Scotland’s charity watchdog has placed Shetland Charitable Trust under intense surveillance and may stop it conducting business if councillor-trustees are seen to have any more conflicts of interest.
OSCR cautioned the trust that any “inappropriate” practices or actions relating to councillor-trustees’ dual roles could prompt intervention, perhaps to restrict the trust’s ability to spend or receive income or to suspend any trustee or trust employee.
The unprecedented action, which will damage the trust’s reputation, is in reaction to its tortoise-speed approach to ending councillors’ stranglehold over the charity which has up to 22 councillors and only two appointed independents.
OSCR has already invoked its considerable powers to demand advance notice of all future trust meetings, copies of agendas and reports, draft and final minutes of every session, plus an explanation of how councillors deal with each potential conflict of interest as it emerges. A warning has been added that a team from OSCR may turn up at any future trust meeting.
Trustees are due to discuss the unprecedented threat to their freedoms at a meeting on Wednesday.
Their specialist lawyers Turcan Connell have advised them of the seriousness of the threat of action from OSCR if they are perceived to be in breach of statutory rules on conflicts of interest. Simon Mackintosh of Turcan Connell warned that the practical effect of OSCR’s monitoring regime “should not be underestimated”.
“The action which OSCR could take includes (in the case of misconduct) suspending a trustee or senior manager responsible for, or privy to, the misconduct or who has contributed to, or facilitated it, or who appears to be unable to, or unfit to, perform their functions in relation to the charity.”
OSCR’s heightened scrutiny follows February’s decision by the trustees to reject their own constitution reform proposals, which had taken a year to formulate. They agreed to put the matter off until after the next council elections in 2012, although it was agreed talks could continue in the meantime. The tactic effectively stuck two fingers up to OSCR and people in Shetland who have been calling for reform. The inaction was approved by the trust despite warnings from some trustees about the possible consequences.
The proposal they rejected was to replace the current format with 15 trustees made up of eight councillors and seven people selected from the community.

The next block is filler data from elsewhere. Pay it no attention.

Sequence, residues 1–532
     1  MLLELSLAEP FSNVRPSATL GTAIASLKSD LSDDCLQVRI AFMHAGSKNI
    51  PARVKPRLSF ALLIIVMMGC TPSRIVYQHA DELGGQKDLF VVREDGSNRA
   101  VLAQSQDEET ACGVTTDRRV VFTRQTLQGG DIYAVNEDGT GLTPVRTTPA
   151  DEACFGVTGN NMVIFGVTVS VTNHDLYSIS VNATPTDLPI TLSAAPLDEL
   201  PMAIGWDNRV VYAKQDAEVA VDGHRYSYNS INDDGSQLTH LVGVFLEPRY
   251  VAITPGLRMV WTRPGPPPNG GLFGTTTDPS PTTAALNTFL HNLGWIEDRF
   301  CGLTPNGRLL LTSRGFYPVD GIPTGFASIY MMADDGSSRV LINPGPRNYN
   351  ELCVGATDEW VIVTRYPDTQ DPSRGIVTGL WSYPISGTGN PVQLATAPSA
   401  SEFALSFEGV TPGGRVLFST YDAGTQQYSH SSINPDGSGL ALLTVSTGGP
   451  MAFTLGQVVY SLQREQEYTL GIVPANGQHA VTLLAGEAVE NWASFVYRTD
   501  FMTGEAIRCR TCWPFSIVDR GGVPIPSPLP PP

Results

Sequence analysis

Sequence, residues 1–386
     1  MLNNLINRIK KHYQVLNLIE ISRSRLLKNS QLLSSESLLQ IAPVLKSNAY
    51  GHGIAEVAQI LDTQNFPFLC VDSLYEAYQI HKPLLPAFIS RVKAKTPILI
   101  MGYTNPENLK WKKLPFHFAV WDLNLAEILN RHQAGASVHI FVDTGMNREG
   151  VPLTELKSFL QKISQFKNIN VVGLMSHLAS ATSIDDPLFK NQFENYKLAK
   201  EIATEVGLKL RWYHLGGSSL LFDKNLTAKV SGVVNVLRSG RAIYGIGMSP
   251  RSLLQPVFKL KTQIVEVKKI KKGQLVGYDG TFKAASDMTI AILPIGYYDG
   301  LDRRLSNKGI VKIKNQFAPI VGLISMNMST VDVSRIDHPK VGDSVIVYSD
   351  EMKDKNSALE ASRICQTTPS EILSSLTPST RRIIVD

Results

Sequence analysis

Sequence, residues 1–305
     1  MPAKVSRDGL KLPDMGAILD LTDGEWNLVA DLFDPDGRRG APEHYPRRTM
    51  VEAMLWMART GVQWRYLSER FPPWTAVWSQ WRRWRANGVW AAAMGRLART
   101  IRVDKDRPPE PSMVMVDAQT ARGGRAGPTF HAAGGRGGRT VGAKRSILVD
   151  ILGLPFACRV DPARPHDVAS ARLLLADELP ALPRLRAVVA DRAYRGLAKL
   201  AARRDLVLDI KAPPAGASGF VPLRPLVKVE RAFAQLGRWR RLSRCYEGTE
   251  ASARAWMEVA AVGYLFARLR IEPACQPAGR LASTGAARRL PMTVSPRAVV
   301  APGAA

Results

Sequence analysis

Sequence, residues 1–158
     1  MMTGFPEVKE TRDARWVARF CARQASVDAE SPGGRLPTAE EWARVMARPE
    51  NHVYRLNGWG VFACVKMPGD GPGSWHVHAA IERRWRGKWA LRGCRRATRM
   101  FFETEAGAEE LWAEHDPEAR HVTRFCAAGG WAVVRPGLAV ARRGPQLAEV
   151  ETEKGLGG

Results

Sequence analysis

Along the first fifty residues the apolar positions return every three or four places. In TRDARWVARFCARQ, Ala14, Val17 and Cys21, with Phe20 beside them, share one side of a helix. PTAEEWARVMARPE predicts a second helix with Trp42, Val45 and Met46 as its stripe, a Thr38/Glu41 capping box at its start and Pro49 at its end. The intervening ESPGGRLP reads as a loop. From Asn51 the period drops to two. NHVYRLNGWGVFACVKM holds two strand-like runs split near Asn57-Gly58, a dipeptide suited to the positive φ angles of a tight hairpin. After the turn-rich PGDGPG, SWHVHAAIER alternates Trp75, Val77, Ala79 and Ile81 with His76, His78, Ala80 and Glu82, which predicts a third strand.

In a private meeting with trustees in June, OSCR made it clear that delaying change for two years was unacceptable. In the absence of progress it said there remained “a real risk both of systemic and specific conflict” which would impact on the trust’s ability to perform effectively and appropriately.
OSCR highlighted the need to address the problem of how the trust is perceived by others when making its decisions. In a letter to trust chairman Bill Manson in July the regulator said: “It is not solely about the way in which a decision is arrived at, but also about how the decision-making process and practice appears to others outwith the trustee body.”
OSCR’s head of inquiry and investigation Laura Anderson again implored the trust to “move forward to adopt different, less high-risk and more appropriate governance arrangements”.
Meanwhile, two anonymous complaints to OSCR from people in Shetland relating to the trust’s discussion of Viking Energy affairs in 2008 and 2009 have been rejected by the watchdog, partly because at the time it did not have proper procedures in place for taking action.
In one case the complaint about trustees deciding to invest in Viking was deemed inappropriate for OSCR to get involved with. “It appears to OSCR that the decision … was within the trust’s powers. OSCR does not have the discretion to overrule a charity’s decision, validly taken within its powers, on the grounds that others take a different view, however strongly held.”
The other complaint was similarly put to bed without recourse to action because “there does not appear to be sufficient evidence that the charity trustees who are also councillors acted in a way that resulted in the interests of the trust not being represented”.